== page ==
Date of Incident: 27 January 2019
Location: Jolo, Jolo Island, Philippines
Type: Suicide Bombing
- An attack was carried out by insurgents during a Sunday service at a church located on Jolo, in the south-west of the Philippines.
- The suicide bombing was coordinated and executed by Abu Sayyaf, a militant group that is aligned with the Islamic State, who claimed the attack.
- 23 people have been killed with over 100 injured in twin explosions.
- Primary IED strike targeted worshippers inside the church whilst a secondary device located at the church entrance detonated shortly afterwards in order to target first responders.
On 27 January 2019, 20 people were killed and at least 101 injured after two improvised explosive devices (IEDs) were detonated at the Cathedral of Our Lady of Mount Carmel on the southern Philippine island of Jolo. Islamic State (IS) claimed responsibility for the attack, which appears to have been co-ordinated by the Ajang-Ajang cell of Abu Sayyaf (Abu Sayyaf Group, ASG) and executed by two Indonesians. The initial blast occurred during Sunday mass after a suicide vest worn by a woman was triggered at 08:27, local time. A secondary suicide vest was detonated shortly after the first by a man, believed to use the nom de guerre Abu Hud, at 08:30 local time on the steps to the Cathedral. The secondary explosion is believed to have been triggered in order to target emergency responders at the scene. This is a common tactic used in IED strikes with the purpose of maximising casualties and disrupting attempts at relief and rescue.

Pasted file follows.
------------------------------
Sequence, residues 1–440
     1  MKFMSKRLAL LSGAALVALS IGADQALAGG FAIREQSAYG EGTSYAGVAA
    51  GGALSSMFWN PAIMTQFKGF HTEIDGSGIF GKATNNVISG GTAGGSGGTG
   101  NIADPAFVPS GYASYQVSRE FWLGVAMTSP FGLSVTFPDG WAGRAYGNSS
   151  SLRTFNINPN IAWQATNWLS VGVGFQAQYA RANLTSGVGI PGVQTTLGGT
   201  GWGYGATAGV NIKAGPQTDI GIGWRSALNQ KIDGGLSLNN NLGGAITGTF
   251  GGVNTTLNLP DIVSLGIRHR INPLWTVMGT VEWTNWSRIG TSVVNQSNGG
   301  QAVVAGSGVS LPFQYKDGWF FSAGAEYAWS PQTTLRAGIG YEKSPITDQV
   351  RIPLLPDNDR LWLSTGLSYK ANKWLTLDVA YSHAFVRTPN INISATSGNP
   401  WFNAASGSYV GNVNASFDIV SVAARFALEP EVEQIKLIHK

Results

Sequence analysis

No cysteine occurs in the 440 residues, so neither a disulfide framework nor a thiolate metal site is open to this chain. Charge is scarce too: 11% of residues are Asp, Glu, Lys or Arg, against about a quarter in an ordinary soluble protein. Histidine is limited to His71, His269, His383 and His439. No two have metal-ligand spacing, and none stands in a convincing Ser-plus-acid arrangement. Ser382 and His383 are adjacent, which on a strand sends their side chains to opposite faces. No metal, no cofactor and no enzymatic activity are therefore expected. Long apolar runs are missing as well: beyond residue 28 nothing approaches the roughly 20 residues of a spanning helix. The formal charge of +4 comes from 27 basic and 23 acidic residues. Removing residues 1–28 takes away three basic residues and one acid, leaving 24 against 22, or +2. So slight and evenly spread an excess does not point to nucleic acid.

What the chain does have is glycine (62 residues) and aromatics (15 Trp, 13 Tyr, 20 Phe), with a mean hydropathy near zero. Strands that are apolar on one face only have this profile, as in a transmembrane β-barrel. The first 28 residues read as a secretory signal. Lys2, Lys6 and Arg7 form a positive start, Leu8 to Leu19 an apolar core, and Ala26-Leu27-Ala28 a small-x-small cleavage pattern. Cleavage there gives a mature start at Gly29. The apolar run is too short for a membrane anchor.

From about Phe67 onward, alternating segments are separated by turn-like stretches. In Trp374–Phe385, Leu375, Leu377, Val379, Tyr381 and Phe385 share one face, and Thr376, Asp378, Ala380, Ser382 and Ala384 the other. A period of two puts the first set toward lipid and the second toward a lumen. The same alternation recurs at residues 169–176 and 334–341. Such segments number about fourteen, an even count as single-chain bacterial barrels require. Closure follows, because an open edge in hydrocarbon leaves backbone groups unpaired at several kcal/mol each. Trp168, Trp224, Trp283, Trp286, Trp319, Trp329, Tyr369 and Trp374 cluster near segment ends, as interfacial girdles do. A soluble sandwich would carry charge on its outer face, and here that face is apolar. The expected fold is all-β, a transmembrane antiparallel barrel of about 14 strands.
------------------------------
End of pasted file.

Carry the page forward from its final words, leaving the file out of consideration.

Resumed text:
Two days later, on 29 January, four arrests were made by an Indonesian special investigation task group in connection with the twin blasts after a series of raids on locations associated with ASG. Kammah Pae, a suspected bombmaker who is the brother of the late ASG leader Surakah Ingog, surrendered himself to members of the 35th Infantry Battalion of the Philippine Army on the 4 February. During a search of his home address later in the day, police discovered a third IED alongside enough bomb-making equipment needed to manufacture a further three devices.
Philippine police and military continue to search for another thirteen suspects linked to the bombings and are currently undertaking operations in the Southern Philippines. Officials have warned that all persons affiliated directly with the incident will be facing multiple charges of murder if captured.
On 7 February, Government Secretary and DILG (Department of the Interior and Local Government) chief Eduardo Año has declared the incident closed after officials admitted that the National Bureau of Investigation had faced difficulties throughout the probe. Justice secretary Menardo Guevarra has complained that the physical evidence on site had not been properly preserved before the arrival of teams from the Bureau, making investigation significantly more difficult.
The final death toll from the attack at the time of writing is 23 (after several injured victims succumbed to their wounds).
The southern Philippines region has proved a difficult place to police and ASG have been able to carry out piracy in the archipelago. The group have financed themselves through kidnap and ransom operations and extortion and have carried out beheadings of hostages when payment is not forthcoming, including in the case of two Canadians in 2015. The five-month siege of Marawi in 2017 saw Abu Sayyaf and Maute insurgents eventually were beaten back from the city in Mindanao but despite government claims of victory operations by ASG have not ceased since then. The latest attack underscores their continuing presence in the Sulu region and raises some concerns for the future direction of the group.